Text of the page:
Why Catholics Can't Sing

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Why Catholics Can't Sing

Why Catholics Can't Sing

Revised and Updated with New Grand Conclusions and Good Advice

In this informative and entertaining critique of music in the Catholic church, Thomas Day outlines a stinging indictment of the influence of popular culture on American Catholicism, particularly as expressed in church music.

Taking aim at the Irish-American repertoire of songs that overwhelms Catholic music in America, Day assails the secularization of liturgical practices that began, in the author’s view, with the Second Vatican Council in 1962. And while targeting the demise of services, Day remains optimistic, offering several key solutions to revitalize and nurture the latent vitality that remains among the parishioners of the American Catholic Church.

Reviews and endorsements

"The book that had to be written, and has to be read."
America

,

"A book certain to elicit both furious denunciation and standing ovations."
The Christian Century

,

"If you are a Baptist, read this book. Or a Lutheran, Episcopalian, Methodist, Presbyterian, or Whatever. Roman Catholics (of course) should read it. Day is writing about the culture of American Christianity and what it does to our understanding of God, self, and community—as reflected in the way Christians worship. Scathingly witty and relentlessly honest, his book is a bracing tonic. Be assured, you don't have to be Catholic to enjoy, and learn from, Why Catholics Can't Sing!"
First Things

,

"Day grabs one's attention and does not let it go. Every page is interesting, and what he is writing strikes one as eminently true."
—Sacred Music

,

"This is a dangerous book. It is about music but it is also about much more than music, because music is not, contrary to Stravinski's infamous remark, about music alone."
Crisis

,

"Finally, someone with knowledge and expertise has had the courage to stand up and declare that the emperor has no clothes. In your heart, you'll know he's right."
—Praying

,

"This book is going to make a lot of people hopping mad. But I suspect that there is even a larger group that will welcome it with shouts of joy . . .

Why Catholics Can't Sing is a powerful call to authentic liturgical renewal. My fear is not that it will cause too much controversy, but that it will not cause enough."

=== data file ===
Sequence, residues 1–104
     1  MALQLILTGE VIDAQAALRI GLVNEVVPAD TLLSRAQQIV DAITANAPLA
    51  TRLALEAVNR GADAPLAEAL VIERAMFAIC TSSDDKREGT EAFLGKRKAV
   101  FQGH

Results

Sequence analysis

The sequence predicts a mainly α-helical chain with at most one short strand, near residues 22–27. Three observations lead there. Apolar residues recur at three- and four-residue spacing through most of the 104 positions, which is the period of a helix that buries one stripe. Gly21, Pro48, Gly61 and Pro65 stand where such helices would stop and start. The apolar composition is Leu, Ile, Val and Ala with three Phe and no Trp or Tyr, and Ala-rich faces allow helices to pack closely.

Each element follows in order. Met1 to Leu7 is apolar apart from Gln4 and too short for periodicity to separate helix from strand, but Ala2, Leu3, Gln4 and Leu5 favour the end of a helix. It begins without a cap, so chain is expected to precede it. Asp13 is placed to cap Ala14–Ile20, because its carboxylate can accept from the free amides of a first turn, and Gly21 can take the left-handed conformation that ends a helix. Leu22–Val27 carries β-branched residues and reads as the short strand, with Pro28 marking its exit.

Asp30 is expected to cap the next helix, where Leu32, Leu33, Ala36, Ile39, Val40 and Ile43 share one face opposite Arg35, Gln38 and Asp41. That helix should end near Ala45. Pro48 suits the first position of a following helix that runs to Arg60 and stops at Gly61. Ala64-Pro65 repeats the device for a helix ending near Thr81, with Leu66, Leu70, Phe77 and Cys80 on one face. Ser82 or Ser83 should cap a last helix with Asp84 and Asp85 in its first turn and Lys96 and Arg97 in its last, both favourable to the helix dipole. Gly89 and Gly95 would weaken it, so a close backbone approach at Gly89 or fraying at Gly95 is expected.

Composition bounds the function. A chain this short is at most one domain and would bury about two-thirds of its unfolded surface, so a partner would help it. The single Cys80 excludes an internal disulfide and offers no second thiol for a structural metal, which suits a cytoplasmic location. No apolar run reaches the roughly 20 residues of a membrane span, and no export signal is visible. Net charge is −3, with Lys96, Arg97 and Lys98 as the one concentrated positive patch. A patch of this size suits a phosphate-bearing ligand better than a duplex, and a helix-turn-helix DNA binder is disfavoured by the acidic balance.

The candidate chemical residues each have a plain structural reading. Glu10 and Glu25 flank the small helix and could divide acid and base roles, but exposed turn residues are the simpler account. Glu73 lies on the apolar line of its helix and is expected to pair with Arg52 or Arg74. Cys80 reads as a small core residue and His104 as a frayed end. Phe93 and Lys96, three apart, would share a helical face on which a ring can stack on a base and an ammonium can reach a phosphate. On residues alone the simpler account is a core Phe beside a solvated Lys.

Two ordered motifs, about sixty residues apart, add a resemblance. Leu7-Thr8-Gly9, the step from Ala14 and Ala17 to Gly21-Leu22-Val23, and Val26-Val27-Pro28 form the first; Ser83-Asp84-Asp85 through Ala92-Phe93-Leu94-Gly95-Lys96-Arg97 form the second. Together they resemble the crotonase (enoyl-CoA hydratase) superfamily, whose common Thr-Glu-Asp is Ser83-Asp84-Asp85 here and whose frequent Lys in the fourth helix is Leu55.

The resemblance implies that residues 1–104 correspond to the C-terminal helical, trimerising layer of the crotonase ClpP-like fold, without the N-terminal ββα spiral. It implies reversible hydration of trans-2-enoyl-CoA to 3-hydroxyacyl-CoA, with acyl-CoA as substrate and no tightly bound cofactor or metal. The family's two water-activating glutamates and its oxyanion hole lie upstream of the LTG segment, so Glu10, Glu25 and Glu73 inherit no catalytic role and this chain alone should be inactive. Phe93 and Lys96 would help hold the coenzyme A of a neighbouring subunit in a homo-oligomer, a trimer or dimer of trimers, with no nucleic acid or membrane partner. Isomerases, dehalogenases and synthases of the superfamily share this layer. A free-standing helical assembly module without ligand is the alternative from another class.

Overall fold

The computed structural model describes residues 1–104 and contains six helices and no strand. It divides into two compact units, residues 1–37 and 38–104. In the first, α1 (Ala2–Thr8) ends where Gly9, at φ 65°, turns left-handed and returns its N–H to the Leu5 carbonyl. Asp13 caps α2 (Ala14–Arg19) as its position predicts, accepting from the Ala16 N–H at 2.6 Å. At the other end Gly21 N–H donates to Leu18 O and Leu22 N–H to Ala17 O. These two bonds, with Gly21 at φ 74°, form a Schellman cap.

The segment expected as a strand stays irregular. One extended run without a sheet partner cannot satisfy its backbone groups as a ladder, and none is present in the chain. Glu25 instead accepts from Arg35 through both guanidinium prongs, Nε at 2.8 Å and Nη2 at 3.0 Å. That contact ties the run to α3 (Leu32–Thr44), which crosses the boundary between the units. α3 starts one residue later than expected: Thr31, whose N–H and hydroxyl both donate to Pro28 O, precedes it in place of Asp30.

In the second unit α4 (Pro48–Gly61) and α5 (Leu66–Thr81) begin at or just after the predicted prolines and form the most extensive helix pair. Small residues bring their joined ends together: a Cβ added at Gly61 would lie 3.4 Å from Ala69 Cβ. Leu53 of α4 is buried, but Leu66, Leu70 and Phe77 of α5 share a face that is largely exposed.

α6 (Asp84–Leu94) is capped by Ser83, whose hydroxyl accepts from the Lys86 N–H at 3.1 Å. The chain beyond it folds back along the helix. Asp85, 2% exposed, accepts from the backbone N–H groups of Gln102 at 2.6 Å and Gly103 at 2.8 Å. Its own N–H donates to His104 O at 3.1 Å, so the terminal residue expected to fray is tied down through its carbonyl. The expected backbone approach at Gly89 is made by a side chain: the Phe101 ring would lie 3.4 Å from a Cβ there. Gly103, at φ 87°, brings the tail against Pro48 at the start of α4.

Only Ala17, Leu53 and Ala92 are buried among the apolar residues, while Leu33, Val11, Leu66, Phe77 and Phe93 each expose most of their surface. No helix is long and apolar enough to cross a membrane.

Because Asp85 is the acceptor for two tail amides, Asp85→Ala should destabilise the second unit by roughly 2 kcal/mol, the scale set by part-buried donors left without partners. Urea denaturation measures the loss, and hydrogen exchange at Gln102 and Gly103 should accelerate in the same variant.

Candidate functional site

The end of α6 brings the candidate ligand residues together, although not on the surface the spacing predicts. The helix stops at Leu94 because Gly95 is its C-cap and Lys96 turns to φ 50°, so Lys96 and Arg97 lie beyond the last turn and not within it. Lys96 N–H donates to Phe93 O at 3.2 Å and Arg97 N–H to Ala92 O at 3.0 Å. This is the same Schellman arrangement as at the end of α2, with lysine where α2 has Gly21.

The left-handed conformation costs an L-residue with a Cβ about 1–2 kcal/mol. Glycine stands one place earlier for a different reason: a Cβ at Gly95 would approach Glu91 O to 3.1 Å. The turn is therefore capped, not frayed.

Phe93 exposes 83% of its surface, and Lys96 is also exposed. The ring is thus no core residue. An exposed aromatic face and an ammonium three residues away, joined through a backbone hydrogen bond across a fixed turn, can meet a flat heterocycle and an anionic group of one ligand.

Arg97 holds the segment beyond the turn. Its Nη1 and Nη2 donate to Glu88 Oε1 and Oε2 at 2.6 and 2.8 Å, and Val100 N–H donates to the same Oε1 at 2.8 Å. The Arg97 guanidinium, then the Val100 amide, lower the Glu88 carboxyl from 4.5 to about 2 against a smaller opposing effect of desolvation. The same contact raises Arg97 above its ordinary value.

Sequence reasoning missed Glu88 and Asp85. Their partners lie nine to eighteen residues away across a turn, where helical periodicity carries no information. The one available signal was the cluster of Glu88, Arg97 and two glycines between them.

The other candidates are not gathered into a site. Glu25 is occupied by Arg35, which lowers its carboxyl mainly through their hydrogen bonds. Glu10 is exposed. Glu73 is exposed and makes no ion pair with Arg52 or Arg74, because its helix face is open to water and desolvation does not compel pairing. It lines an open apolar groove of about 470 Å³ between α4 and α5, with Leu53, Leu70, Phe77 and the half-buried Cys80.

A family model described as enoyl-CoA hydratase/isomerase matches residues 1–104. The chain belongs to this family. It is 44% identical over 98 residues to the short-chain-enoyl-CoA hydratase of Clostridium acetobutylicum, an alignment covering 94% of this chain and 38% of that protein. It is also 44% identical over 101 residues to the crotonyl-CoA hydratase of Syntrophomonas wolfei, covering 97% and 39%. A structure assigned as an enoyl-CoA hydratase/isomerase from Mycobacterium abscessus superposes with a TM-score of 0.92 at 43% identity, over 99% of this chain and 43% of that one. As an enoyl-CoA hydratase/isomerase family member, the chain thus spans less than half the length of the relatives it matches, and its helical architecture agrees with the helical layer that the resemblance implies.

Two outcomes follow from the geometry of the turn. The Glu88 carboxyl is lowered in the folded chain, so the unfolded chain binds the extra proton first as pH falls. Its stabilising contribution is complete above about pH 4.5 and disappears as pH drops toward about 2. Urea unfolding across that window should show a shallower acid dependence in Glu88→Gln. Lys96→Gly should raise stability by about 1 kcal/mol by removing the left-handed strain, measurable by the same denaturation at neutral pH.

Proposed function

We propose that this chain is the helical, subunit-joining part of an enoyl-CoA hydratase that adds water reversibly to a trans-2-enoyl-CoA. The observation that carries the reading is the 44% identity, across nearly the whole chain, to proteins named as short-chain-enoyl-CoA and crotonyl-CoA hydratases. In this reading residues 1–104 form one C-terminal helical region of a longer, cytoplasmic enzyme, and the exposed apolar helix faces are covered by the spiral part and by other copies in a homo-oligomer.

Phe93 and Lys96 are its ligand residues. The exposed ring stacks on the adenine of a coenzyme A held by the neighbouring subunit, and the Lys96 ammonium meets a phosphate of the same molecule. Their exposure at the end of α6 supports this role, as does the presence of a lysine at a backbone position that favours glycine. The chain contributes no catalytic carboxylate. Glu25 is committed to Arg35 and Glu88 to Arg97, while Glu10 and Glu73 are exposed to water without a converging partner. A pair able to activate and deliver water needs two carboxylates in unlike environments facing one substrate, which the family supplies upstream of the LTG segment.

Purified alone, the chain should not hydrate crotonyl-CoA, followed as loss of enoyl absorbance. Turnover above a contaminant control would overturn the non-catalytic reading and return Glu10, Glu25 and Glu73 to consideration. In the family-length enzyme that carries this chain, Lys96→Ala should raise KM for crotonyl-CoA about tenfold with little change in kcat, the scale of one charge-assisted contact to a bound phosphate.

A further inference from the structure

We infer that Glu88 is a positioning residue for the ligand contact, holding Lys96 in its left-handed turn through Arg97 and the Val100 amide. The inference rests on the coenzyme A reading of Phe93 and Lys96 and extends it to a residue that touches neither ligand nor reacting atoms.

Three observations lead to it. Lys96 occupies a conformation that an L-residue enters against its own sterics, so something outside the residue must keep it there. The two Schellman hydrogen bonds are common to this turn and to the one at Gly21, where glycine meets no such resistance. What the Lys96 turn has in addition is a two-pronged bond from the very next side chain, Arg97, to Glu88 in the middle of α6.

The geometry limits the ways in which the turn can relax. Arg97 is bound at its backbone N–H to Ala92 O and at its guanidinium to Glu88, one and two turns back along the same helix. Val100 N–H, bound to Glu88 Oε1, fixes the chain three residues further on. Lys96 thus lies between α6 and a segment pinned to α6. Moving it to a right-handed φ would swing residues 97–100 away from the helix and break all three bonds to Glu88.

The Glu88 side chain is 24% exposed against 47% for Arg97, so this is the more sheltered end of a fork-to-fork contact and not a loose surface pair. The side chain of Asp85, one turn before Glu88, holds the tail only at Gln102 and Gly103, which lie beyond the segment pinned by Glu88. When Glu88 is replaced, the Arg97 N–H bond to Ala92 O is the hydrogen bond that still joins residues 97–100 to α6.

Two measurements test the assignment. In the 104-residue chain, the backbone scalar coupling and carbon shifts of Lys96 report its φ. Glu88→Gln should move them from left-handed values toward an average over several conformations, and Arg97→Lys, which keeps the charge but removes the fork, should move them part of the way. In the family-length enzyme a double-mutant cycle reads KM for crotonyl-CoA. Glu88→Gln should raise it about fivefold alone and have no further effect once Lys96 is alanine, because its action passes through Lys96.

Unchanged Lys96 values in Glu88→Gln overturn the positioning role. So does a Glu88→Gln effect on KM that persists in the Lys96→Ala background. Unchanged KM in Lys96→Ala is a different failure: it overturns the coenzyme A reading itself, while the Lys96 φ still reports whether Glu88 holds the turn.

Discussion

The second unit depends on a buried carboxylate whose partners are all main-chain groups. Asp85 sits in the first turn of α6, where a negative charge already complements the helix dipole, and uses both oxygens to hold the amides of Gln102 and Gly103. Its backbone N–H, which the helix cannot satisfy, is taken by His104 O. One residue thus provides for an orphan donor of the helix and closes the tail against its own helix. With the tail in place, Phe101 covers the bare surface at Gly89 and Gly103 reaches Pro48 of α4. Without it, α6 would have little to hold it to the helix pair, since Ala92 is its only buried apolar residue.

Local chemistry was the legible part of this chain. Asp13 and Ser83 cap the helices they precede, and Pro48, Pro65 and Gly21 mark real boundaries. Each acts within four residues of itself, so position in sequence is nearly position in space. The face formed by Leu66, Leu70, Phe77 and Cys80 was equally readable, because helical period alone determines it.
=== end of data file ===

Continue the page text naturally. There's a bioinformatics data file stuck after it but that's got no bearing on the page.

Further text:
National Catholic Reporter

,

In the opening chapter of Why Catholics Can’t Sing, Thomas Day probes the excuses that Catholics give for not singing during Mass. This non-singing condition is exemplified by an entire congregation that will stand or sit silently through a complete rendering of “Silent Night.” I can recall meetings in my own parish where the pastor or his assistant and other interested parties would search for ways to improve congregational singing. These meetings always began with the statement “Why don’t the people sing?” The answers ranged from the organ being too loud, the music being unfamiliar or the hymns being just not meaningful. Day mentions these and many other so-called obstacles. His own experiences in the Catholic churches of France and Germany, where congregational singing is strong, are quite different.

Day claims much of the restraint is cultural. For example, Irish Catholics by necessity had to conduct a subdued worship in fear of retaliation by the Protestants. This so-called restrain was the Irish Catholic’s badge of distinction from his Protestant countrymen. The many centuries of oppression left a strong legacy, which when transported to American retained its controlled, subdued quality. As Irish Catholics rose to positions of power and authority in the church, their heritage and influence became apparent.

Day says Catholics are taught at an early age “Control thyself.” Restrain in one’s religious expression was expected. Probably every Catholic over the age of 40 can recall the pre-Vatican II Mass. The choir sang, the priest had his back to the congregation and the congregation remained silent, or in the case of many of the faithful, said the Rosary. This pre-Vatican II Mass was a personal devotion. The reforms of Vatican II, like congregational singing and the handshake of peace, we all very foreign to the congregation that had spent the past 400 years in quiet contemplation. But, claims Day, this was not always the case. Exuberance and outward manifestation of belief was an integral part of the early history of the church.